A birthmark can be a subtle distinguishing feature or an obvious, unwelcome imperfection. If your child has a birthmark, you may have many questions. Where do they come from? Are they harmful? Will they fade? Is treatment required? Here is an overview of the most common birthmarks.
Strawberry marks (capillary hemangiomas)
Strawberry marks occur when blood vessels below the surface of the skin grow too quickly. They are often absent at birth or a pale, almost invisible pink. During the first six months, they grow and thicken rapidly, but then stop developing. They are so called because their bright red and protruding appearance is reminiscent of a berry.
While their appearance and fast-paced growth may be disconcerting, strawberry marks usually begin to fade and recede by 18 months of age. By age 6, they have usually completely disappeared. Treatment is generally not required, unless the size and location of the lesion compromise vital functions, such as vision. The prescription drug propranolol is an effective treatment for this type of birthmark.
Port-wine stains (flat hemangiomas)
Maroon, red or purplish, port-wine stains are due to a malformation of capillary vessels. They develop on the surface of the skin, sometimes growing for years. They do not fade over time.
While benign, they should still be examined by a doctor if they are located near the eyes. Their impact is mostly cosmetic and, in some cases, psychological. Laser treatment can then be used to minimize their appearance.
Salmon patches (nevi simplex)
Salmon patches, which are due to dilated blood vessels, are common, harmless and do not require treatment. They are visible at birth and have different names based on their location. For instance, an “angel kiss” is located on the forehead between the eyes, while a “stork bite” can be found on the back of the neck.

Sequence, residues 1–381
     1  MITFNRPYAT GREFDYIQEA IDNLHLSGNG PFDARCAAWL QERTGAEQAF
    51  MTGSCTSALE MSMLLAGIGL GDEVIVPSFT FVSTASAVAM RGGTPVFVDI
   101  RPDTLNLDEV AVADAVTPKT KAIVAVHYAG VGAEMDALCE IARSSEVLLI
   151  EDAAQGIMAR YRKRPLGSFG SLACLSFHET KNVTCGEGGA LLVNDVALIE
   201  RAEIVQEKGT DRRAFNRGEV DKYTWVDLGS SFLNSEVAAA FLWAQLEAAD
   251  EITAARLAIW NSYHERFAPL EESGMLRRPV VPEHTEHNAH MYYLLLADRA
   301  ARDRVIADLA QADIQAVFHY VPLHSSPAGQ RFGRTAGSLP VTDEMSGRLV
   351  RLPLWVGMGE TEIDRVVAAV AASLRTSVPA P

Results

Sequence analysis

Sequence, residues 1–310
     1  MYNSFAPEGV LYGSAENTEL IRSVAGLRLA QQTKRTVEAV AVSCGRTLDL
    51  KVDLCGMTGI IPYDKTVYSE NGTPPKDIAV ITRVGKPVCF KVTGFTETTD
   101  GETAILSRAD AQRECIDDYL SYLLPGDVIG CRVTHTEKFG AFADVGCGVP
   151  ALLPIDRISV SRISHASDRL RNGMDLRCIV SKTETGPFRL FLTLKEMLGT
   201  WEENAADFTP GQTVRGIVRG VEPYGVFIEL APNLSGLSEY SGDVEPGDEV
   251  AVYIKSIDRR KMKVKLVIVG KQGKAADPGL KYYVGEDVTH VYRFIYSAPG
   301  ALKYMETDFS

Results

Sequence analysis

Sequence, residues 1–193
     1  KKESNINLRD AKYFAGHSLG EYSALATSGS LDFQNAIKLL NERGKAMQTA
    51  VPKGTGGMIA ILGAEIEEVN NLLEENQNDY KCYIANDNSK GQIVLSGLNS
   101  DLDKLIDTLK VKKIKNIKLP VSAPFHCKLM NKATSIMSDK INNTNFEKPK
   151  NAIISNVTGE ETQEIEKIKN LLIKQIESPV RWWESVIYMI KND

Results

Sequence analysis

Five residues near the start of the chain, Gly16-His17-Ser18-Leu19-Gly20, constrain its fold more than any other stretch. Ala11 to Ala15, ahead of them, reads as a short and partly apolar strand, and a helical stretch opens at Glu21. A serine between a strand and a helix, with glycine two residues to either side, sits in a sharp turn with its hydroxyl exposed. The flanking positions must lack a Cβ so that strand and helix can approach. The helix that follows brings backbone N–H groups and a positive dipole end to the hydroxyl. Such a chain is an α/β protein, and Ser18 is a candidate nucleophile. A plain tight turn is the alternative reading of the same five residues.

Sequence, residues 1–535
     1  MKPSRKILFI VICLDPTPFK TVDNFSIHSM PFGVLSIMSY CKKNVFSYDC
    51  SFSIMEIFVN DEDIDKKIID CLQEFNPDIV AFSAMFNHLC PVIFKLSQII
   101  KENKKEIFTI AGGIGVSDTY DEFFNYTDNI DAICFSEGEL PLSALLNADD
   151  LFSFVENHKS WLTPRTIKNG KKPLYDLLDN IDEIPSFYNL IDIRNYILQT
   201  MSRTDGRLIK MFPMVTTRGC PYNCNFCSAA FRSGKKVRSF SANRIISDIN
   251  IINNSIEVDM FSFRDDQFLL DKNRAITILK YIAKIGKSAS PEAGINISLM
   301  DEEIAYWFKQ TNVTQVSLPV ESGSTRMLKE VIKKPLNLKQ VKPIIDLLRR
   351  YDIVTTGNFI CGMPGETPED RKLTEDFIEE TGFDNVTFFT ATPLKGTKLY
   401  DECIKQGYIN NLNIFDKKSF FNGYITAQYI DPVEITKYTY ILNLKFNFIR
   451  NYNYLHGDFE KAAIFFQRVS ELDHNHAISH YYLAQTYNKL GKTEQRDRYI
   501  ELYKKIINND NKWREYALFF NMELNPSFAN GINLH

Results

In the majority of cases, these birthmarks will recede on their own and disappear by age 3. In some instances, however, they can remain visible right into adulthood.
Mongolian spots (bluish, green or black)
These spots, which can look like bruises, are usually found on the lower back of a newborn, sometimes near the shoulders, or on the back of the hand, forearm or foot. They often fade by age 2 or 3 but can sometimes last into adulthood.
Mongolian spots are caused by a high concentration of melanin. They are more common in babies of African, Asian, Native American or Hispanic origin. Caucasian newborns of mixed descent can also develop this type of birthmark.
These flat, oval or irregular-shaped patches of skin are a relatively frequent occurrence. They have an even colour that is approximately twice as dark as the rest of the skin due to excess melanin. Often present at birth, they can also develop during a baby’s first year of life.
Café-au-lait spots can change colour when exposed to the sun, but are completely harmless. No treatment is medically required, but can be considered for cosmetic reasons. High-coverage foundation can be a useful solution to camouflage the birthmark. In addition, laser treatment can sometimes be used, but there is no guarantee that the mark will be completely eliminated.
Generally speaking, the number of spots will vary from one to three. Someone who has more than six spots measuring 5 mm or more should seek medical attention, since this could indicate a genetic disorder.
Treatment options for the removal of birthmarks vary based on the type of mark and include:
• Prescription drugs (e.g., corticoids, betablockers)
The goal of these interventions is to keep the birthmarks from hindering vital functions, minimize their appearance and limit any related psychological impact. To learn more, speak with your healthcare professional.